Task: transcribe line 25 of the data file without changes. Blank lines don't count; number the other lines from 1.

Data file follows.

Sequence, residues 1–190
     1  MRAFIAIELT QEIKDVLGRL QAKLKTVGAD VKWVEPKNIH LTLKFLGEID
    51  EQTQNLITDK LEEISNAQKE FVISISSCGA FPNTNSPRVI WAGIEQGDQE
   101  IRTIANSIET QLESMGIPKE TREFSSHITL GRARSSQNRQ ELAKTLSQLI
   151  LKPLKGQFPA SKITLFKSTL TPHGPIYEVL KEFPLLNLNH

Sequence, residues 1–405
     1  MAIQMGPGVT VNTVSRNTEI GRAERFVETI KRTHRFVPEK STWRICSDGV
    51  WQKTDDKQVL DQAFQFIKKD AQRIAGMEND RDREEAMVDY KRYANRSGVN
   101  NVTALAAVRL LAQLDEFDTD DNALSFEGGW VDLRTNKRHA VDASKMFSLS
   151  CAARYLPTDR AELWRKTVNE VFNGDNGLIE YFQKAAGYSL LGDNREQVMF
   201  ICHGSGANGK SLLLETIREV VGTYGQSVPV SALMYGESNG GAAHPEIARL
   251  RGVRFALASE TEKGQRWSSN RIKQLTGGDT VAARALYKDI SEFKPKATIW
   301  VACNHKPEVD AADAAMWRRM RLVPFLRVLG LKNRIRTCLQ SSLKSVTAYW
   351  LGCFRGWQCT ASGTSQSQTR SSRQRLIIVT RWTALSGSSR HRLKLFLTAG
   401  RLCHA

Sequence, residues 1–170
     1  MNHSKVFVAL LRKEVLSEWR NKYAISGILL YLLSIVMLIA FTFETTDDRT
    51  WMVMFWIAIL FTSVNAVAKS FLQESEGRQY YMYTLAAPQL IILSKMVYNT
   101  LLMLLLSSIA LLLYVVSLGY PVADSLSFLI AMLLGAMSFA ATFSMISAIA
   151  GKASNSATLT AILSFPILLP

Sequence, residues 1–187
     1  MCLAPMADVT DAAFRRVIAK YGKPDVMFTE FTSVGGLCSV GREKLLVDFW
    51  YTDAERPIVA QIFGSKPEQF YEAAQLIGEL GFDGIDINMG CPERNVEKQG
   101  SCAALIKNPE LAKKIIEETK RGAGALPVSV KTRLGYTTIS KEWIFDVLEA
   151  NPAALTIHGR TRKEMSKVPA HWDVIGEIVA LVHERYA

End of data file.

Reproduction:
   151  NPAALTIHGR TRKEMSKVPA HWDVIGEIVA LVHERYA